Lawsuits Challenge Police Use of Field Drug Testing Kits

Krispy Kreme donutsPolice have devised a vast array of tools and techniques for drug-related investigations. In any prosecution that involves drug possession, the state must be able to prove that a defendant actually possessed illegal drugs. Laboratory tests are available but take time and are often subject to a backlog. Many police departments have turned in recent years to field-testing kits. Unfortunately, these kits are highly prone to errors, including false positive results. In addition to numerous appeals and other post-conviction claims, several lawsuits around the country are challenging the use of these tests on various constitutional grounds.

During a traffic stop, a person’s vehicle may be subject to search without a warrant under several recognized Fourth Amendment exceptions. The automobile exception allows police to search a vehicle if they have probable cause to believe that part of the vehicle contains contraband. This exception derives from the plain-view doctrine, which states that police may search or seize property that is within their line of sight, such as something visible to the officer while standing outside a vehicle during a traffic stop. The exigent circumstances exception also applies, since the vehicle’s mobility creates the risk of losing evidence.

If an officer finds something they suspect might be an illegal drug, the field-testing kit allows them to test it on the spot. A typical kit contains several vials of chemicals that change color if they come into contact with specific drugs. One problem is that some of these chemicals also change when they come into contact with various common and entirely legal substances. Officer errors can also result in false positive results, such as if an officer mishandles one or more vials, if rain or other elements interfere with a test, or if poor lighting conditions result in an incorrect evaluation of a test result. Regardless, a positive test result almost invariably leads to an arrest, and defendants are often pressured to enter a quick guilty plea, even if they maintain their innocence.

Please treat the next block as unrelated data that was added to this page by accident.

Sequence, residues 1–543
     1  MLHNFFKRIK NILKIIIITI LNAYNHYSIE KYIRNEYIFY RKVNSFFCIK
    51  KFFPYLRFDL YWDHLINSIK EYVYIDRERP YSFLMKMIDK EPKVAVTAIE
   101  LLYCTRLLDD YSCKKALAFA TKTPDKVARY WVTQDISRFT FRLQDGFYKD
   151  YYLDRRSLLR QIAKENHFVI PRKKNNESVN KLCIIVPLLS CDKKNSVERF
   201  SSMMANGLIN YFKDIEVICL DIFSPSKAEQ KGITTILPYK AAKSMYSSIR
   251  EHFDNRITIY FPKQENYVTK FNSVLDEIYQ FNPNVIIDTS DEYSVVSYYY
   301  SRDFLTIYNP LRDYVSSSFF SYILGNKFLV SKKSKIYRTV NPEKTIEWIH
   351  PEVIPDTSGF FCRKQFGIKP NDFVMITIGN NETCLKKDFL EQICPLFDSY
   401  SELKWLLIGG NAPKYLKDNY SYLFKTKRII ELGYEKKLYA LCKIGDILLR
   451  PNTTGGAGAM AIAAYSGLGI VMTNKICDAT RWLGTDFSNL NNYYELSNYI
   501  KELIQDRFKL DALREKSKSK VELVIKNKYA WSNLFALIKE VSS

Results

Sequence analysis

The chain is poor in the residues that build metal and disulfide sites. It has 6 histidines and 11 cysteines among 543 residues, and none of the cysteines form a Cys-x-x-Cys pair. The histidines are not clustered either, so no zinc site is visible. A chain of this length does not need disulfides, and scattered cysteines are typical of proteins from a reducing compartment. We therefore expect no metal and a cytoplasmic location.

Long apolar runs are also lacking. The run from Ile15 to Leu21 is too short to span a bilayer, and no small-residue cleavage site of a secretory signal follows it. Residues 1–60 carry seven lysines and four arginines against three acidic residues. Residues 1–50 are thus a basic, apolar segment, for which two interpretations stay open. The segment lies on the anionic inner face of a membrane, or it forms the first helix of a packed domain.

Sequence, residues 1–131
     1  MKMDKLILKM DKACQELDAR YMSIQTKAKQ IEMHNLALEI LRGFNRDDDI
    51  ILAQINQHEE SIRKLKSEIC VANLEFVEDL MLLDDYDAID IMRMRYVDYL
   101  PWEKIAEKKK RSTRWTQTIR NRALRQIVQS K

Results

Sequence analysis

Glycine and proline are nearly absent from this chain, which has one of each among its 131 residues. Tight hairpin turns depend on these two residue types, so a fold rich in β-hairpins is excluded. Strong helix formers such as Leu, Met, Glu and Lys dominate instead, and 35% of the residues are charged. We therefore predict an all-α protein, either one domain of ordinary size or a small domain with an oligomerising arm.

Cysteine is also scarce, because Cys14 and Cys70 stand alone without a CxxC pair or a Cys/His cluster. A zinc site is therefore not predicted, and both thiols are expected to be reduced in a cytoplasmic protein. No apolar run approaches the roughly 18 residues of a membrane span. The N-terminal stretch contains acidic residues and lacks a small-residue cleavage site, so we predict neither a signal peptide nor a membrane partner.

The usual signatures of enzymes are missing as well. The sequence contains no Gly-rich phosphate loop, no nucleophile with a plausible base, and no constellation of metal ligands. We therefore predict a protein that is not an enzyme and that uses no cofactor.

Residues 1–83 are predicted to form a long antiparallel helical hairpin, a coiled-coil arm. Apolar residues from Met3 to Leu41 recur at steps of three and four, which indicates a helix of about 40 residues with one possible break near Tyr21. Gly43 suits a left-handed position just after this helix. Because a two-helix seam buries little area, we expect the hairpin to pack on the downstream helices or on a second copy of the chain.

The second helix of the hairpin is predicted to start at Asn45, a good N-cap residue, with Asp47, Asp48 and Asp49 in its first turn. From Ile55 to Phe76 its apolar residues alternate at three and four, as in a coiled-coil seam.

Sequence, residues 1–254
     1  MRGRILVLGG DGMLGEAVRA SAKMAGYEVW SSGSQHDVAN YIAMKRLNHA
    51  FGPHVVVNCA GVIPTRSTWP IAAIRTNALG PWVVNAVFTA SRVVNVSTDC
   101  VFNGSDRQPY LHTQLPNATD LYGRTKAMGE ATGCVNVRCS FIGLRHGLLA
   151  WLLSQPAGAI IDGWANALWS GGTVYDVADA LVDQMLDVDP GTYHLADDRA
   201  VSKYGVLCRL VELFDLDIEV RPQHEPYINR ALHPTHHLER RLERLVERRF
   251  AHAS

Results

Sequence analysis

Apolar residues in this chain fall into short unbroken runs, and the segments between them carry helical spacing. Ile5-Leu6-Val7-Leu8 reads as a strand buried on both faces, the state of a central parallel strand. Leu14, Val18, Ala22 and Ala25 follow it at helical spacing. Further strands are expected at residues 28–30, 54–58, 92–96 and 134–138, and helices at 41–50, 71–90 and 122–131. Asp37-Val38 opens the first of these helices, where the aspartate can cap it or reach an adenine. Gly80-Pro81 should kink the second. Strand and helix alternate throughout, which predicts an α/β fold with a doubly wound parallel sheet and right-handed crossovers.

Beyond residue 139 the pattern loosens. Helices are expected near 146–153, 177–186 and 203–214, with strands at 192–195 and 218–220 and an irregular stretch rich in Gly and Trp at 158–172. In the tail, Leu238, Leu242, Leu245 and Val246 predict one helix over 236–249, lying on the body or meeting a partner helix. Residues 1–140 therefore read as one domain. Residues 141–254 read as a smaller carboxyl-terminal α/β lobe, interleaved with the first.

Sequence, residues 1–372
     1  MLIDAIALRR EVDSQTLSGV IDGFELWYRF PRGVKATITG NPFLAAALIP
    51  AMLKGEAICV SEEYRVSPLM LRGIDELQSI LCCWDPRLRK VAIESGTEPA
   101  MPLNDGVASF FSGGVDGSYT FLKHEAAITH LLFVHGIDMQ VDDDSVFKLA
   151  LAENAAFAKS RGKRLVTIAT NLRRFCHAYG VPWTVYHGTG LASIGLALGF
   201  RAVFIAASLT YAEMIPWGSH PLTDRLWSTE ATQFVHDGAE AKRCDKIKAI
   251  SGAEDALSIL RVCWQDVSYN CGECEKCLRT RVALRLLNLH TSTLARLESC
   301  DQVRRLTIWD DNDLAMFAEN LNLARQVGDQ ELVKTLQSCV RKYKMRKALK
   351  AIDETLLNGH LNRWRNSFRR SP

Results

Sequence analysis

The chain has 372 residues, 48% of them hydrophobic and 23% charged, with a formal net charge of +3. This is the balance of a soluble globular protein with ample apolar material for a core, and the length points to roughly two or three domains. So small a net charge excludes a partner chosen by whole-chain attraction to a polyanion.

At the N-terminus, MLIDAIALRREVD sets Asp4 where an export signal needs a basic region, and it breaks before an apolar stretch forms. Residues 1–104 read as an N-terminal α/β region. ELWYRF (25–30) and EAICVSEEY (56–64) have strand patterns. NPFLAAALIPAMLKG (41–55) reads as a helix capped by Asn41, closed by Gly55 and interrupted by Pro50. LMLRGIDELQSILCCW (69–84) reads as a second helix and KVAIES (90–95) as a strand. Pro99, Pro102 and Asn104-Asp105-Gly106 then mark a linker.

Subsequent laboratory testing of materials seized in these types of arrests have identified numerous false positive results, which led to the convictions of innocent people. Sometimes this information becomes known to prosecutors before a final disposition occurs, in which case they are obligated to provide the negative test results to the defendant. Brady v. Maryland, 373 U.S. 83 (1963). This does not always happen, unfortunately, meaning that many defendants must seek relief through an appeal or habeas petition.

Several civil lawsuits are also challenging the use of these tests, asserting claims like false imprisonment and civil rights violations. One lawsuit against a city government and a testing kit manufacturer asserts that a substance identified by the kit as amphetamine “was in fact Krispy Kreme donut glaze, as the plaintiff informed” the arresting officer. Rushing v. City of Orlando, et al., No. 2016-CA-009003-O, complaint at 2 (Fla. Cir. Ct., Orange Co., Oct. 14, 2016). In another case, a testing kit allegedly misidentified “a food enzyme…used in the cheese making process” as methamphetamine. Michel v. U.S. Customs and Border Prot., et al., No. 3:16-cv-00277, 2d am. complaint at 3 (S.D. Cal., Jun. 29, 2016).

These blog posts are meant to be illustrative only. Unless expressly stated to the contrary herein, these matters are not the result of any legal work of Michael J. Brown, but are used to communicate a particular point of view. Michael J. Brown does not claim credit for any legal work done by any lawyer or law firm either generally or specifically, with respect to the matters contained in this blog.

For over 20 years, board-certified drug crime attorney Michael J. Brown has advocated on behalf of defendants facing state and federal charges in West Texas courts. Contact us online or at (432) 687-5157 today to schedule a confidential consultation to discuss your case.

More Blog Posts:

Medical Marijuana Laws Cause Shifts in Court Rulings on Marijuana Odor and Probable Cause for Search Warrants, Texas Criminal Lawyer Blog, September 7, 2016

2015 Set New Record for Total Number of Exonerations, with Texas at the Top of the List, Texas Criminal Lawyer Blog, May 28, 2016

Marijuana Use Is a Human Right, According to Ruling from Mexico’s Supreme Court, Texas Criminal Lawyer Blog, April 1, 2016

Photo credit: BrokenSphere (Own work) [CC BY-SA 3.0 or GFDL], via Wikimedia Commons.